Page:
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Erika Lawler

Q&A with Erika Lawler, USA’s Mighty Mouse
By Heather McIntyre
January 2010

Q: Small but strong and speedy, that is how you have been described. How do you see yourself as a player?

A: I always struggle to describe myself as a player in terms of my strengths, but I would say my speed and quickness are things that really help me on the ice. Obviously I’m always one of the smallest players on the ice so I need to use my speed and quickness to get around people, win 50/50 battles and get to loose pucks. I am more of a playmaker than a goal scorer. I have been criticized for not shooting enough and for always looking to first pass rather than shoot, but I’m working on that. I would say that I’m gritty in the corners and work hard to get my team-mates the puck in order to create scoring opportunities, but I’m surprised when people say I’m strong because all of my opponents, especially at the national team level, always seem stronger. I always have to use 100 per cent of my strength and effort when I’m playing because, if I didn’t, I would get knocked around a lot more.

Q: How have you changed your preparation for games since joining the national team?

A: Experience plays a huge role at the national team level. Mentally, it is a lot harder because you’re always playing with and against the best and tend to compare yourself to those around you, so it is important to become confident in who you are and learn your role so you can do whatever you can in order for the team to be successful. I can’t say I have changed the way I have prepared for games, but I have learned my role throughout the years and am much more comfortable playing my style of hockey and that is something only experience can teach you.

Q: What is the key to your training? Why are you so fast?

A: My speed is both genetic and something I have worked on. I have always seen it as a strength of mine and being five feet tall, it is essential for me to make the most of. Since my speed and quickness are what help me win battles and create scoring opportunities, I had to take advantage of that strength and develop it to the best of my ability. Working on skating fundamentals by doing things like power skating to really fine tune my stride and explosive stops and starts is probably what helps me most. Growing up, I spent the majority of my time focusing on edge work and stride techniques. Strength training off the ice also helps a lot. In the weight room it was essential for me to work on my explosiveness.

Q: Can you take me through a detailed day in the training of Erika Lawler?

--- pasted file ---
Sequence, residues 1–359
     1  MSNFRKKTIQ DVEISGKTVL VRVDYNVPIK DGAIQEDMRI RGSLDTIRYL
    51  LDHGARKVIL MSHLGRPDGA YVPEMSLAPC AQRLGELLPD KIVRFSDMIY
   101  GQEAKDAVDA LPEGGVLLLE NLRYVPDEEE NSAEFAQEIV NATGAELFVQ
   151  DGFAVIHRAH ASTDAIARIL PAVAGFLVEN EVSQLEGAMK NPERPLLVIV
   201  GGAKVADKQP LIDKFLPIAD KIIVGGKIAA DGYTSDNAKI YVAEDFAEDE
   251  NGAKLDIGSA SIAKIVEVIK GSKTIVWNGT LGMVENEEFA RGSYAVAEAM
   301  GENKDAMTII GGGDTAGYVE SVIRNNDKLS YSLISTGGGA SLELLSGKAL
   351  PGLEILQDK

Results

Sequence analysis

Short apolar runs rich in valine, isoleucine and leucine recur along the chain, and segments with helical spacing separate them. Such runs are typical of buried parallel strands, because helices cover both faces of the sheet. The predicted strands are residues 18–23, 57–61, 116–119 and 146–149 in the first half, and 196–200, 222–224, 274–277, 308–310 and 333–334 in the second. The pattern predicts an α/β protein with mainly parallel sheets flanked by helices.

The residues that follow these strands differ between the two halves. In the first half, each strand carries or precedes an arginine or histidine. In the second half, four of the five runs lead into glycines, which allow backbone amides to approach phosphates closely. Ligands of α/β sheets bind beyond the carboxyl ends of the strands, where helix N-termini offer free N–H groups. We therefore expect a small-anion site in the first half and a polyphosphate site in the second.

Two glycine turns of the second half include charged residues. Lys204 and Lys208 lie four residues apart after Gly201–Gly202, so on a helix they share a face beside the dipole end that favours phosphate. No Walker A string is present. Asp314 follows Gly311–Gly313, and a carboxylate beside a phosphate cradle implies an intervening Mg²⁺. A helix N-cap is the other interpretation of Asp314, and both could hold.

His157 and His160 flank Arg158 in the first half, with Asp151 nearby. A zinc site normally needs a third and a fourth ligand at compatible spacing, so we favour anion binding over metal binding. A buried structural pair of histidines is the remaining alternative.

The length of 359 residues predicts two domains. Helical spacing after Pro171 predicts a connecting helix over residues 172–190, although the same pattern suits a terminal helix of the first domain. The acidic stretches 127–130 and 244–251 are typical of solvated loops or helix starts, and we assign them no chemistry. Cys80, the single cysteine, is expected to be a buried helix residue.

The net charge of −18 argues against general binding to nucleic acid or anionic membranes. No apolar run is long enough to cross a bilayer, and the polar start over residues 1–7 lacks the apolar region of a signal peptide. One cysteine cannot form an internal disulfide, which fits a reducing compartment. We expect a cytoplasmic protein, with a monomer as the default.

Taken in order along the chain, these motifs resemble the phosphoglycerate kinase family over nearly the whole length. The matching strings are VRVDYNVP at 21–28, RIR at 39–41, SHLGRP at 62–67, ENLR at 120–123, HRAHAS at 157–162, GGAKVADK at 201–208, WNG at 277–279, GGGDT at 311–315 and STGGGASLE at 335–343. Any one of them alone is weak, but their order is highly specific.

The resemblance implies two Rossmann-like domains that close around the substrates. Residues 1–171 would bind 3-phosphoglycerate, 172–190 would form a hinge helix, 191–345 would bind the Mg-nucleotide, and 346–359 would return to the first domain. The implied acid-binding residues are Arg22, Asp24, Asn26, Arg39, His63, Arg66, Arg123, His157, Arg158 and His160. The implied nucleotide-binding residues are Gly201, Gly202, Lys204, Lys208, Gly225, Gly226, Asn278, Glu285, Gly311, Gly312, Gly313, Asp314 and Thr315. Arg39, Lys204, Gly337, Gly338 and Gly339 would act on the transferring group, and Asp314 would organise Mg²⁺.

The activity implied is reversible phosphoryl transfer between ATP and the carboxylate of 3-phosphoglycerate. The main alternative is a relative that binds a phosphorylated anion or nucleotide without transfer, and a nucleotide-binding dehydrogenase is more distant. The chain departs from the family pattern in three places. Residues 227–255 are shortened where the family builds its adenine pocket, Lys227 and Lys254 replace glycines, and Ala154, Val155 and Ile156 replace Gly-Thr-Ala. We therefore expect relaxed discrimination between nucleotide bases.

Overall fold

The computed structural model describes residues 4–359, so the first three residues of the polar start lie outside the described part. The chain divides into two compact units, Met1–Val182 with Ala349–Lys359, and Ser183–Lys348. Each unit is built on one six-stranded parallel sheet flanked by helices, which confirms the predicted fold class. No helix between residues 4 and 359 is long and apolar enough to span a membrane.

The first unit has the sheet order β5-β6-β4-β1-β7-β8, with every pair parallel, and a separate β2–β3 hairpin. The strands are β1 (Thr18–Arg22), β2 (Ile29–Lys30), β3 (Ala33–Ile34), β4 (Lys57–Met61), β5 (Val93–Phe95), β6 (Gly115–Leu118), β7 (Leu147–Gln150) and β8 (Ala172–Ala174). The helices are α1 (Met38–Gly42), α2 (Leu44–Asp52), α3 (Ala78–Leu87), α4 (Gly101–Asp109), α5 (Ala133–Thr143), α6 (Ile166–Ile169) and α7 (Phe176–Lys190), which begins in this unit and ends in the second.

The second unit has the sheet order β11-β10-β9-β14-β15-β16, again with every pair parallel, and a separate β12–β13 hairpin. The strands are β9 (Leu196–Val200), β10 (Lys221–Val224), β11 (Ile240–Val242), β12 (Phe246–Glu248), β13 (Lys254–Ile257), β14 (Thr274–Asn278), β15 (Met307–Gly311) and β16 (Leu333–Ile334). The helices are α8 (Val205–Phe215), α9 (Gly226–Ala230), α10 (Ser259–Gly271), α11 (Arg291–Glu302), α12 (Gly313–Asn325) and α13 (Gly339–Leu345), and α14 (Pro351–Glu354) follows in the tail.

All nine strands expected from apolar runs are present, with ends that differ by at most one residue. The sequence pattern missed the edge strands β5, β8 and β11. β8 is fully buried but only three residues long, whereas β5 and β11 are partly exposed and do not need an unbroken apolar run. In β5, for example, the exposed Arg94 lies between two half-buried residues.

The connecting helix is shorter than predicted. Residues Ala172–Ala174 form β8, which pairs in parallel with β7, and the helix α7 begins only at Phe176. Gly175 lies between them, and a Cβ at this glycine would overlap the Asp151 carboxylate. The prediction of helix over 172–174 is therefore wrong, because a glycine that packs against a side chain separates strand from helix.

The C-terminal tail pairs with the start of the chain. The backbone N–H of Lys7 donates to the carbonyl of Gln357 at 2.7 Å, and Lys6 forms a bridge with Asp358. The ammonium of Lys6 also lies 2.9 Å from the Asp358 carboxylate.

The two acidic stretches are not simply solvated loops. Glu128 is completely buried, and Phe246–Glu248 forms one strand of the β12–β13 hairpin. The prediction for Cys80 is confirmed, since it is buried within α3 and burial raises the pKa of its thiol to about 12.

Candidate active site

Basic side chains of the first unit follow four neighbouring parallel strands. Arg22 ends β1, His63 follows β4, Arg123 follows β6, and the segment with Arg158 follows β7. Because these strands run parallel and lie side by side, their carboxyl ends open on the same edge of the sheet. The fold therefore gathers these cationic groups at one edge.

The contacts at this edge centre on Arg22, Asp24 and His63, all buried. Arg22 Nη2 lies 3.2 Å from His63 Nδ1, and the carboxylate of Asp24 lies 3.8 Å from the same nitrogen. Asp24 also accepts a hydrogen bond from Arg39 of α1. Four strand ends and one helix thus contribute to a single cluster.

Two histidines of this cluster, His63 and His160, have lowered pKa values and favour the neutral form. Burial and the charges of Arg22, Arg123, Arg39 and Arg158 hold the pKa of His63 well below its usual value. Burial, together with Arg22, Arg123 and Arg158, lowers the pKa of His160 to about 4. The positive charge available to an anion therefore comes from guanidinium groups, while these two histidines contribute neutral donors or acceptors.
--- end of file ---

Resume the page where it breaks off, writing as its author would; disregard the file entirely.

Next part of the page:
A: On a typical day I wake up around 8:30 a.m. For breakfast, I usually make myself a smoothie with some yogurt, soy milk, a little whey protein powder, flaxseed, sometimes peanut butter and fruit. I head to the rink at around 9 a.m. and we have a dynamic warm up at 9:30 a.m. Practice typically starts at 10 a.m. and lasts 1 -2 hours. After practice we usually lift weights for about an hour. I personally don’t like to eat or drink while I work out but I do drink a protein shake in between because I would get fatigued if I didn’t. After lifting we all cool down, stretch and foam roll to help with recovery so we can wake up the next day feeling ready to go at it again.

I am always sore; when I’m not I must not be working hard enough. When we leave the rink I go home to prepare a big lunch of egg white omelets loaded with peppers, mushrooms, onions, cheese and Canadian bacon all the time, or I will have a turkey sandwich if I’m too tired to make something that takes longer to prepare.

I park it on the couch for a while after lunch because I’m always exhausted by the time 4 p.m. rolls around. My roommates and I all kick it in front of the TV. We cook dinner around 6 p.m. On Mondays, my roommates and I most always make Mexican… that is probably my favourite. We cook pretty much anything… steak, chicken etc. We try to keep it pretty healthy but I always have to satisfy my sweet tooth before bed. I try to be in bed by 11:30 p.m. and usually get to sleep by midnight to wake up the next morning and do it all over again.

Q: How much free time do you have since the training is so intense with the team?

A: We have free time from 3 p.m. until bed, but we are all usually too exhausted to do anything other than grocery shop (which is absolutely necessary at least twice a week because we all eat a ton of food).

Q: How has the training regimen changed for this is Olympic year?

A: It has changed because we are all always together as opposed to past years where we would get together a few times a year for only a week at a time to play a tournament or have a development camp. Olympic years are great because we get to know our teammates on a more personal level and get to practice with our team every day, which creates a chemistry that we can build off of to really fine tune different aspects of our team’s game.

Q: What do you enjoy doing off the ice?

A: I love to listen to music. Dancing is one of my favourite things in the world to do, so sometimes I just jam out in my room and dance away! I also enjoy watching movies, garage band and just hanging out with my teammates.

Q: What is your favourite band or music?

A: It’s really hard for me to pick a favourite band or genre of music because I like all music. If I HAD to choose, my favourite kind of music would be hip hop or pop. I love Timbaland beats, Lil’ Wayne, Beyonce, the Fray, Colbie Collait, Akon… pretty much everything.

Q: What is your favourite book and TV show?

A: Nineteen Minutes by Jodi Picoult. TV shows I like are So You Think You Can Dance and Grey’s Anatomy.

Q: Favourite sport other than hockey?

A: Lacrosse.

Q: Favourite nickname?

A: I don’t really have a favourite nickname. People call me Lawler, Laws, Lawls, Lolly, Loll Doll, Riiks, Bids, Biddie, Sal, E-trouble but I like it best when people call me by my first name, Erika.